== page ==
[0052] FIGURE 14 is a schematic diagram of a longitudinal cross-sectional perspective view cross section of FIGURE 13.

[0053] FIGURE 15 is a schematic diagram of an alternate cuff with a selectively printed region/s of projections / protuberances on the cuff inside face or surface. A pull tab to the outside face of the cuff is also shown.

[0054] FIGURE 16 is a schematic diagram showing the alternate cuff of FIGURE 15 about a limb at the ankle of the watercraft user.

[0055] FIGURES 17 to 20 are schematic diagrams to respective front, side, top elevational and perspective views of a preferred Pull Tab geometry or

arrangement.

[0056] In the figures the reference numerals are prefixed by the figure number. For example FIG 1 is the "100" series, FIG 2 is the "200" series and so on.

DETAILED DESCRIPTION.

[0057] A surfboard or other watercraft leash assembled with an over-braided cord is described in the following. This over-braided cord construction improves on traditional Polyurethane or TPU leash cords by increasing break strength and cut resistance, decreasing thickness, weight and hydrodynamic drag and limiting overstretching without sacrificing stretch and shock dampening. That is an over-braided cord construction provides for a thinner, lighter, stronger, more cut-resistant surf leash with reduced drag and limited over-stretching. In addition, the over-braided leash cord may include a plurality of elastic strands over-braided with a high tensile yarn to form a composite cord construction. The ultimate strength of the cord is related to the ultimate strength of both the elastic strands (core) and over-braid (sheath).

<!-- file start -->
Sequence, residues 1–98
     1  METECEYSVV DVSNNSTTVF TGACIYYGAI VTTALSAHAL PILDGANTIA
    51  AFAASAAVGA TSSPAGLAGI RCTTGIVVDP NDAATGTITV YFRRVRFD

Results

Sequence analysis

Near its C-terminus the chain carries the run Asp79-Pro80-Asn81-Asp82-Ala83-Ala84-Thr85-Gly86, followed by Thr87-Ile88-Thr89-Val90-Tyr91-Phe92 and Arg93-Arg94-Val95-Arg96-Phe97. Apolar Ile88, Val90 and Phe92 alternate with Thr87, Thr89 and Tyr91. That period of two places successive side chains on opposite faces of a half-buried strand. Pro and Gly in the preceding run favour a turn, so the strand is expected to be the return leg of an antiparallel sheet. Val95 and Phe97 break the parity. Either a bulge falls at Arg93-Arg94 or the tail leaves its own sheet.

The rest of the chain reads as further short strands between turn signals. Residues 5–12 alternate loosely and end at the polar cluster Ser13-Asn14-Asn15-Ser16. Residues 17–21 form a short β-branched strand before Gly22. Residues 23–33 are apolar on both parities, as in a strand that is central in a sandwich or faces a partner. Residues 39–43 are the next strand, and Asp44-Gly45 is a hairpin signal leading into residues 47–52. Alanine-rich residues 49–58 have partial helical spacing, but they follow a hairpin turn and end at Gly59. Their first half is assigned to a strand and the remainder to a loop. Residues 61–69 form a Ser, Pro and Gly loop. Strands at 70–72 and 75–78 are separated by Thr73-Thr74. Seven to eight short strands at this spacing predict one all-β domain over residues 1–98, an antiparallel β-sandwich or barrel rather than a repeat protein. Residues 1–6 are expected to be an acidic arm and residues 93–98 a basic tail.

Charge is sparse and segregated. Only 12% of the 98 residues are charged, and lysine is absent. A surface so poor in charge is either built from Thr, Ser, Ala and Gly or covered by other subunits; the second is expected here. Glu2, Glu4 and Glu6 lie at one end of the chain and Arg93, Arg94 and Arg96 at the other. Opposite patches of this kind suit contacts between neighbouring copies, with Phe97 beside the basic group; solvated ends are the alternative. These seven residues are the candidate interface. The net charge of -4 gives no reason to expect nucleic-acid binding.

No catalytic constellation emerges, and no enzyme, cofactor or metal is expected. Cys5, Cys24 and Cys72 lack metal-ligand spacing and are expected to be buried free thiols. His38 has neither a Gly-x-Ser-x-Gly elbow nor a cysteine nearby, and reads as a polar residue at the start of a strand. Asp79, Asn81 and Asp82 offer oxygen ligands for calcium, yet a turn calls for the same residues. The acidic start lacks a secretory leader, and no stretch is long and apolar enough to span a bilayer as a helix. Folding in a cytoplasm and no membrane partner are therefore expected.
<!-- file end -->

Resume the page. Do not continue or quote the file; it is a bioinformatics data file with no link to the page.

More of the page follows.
[0058] FIGURE 1 is a schematic diagram of a perspective view of a surf or other watercraft leash assembly 110 with an elongate, tapered, enlarged and composite horn 112 as well as an over-braided cord 114 formed as described below with respect to FIGURES 2 and 3. The leash includes an ankle cuff assembly 116 with hook and loop fabric / textile fastening for securing a limb of the surfer or other watercraft user to the leash 110. The ankle cuff assembly 116 may have a slip-reducing print or pattern (not shown) on the inside surface 117 of the cuff facing and against the limb of the watercraft user in use. The slip reducing print or pattern is described further below with respect to FIGURES 15 and 16. The cuff 116 may also feature a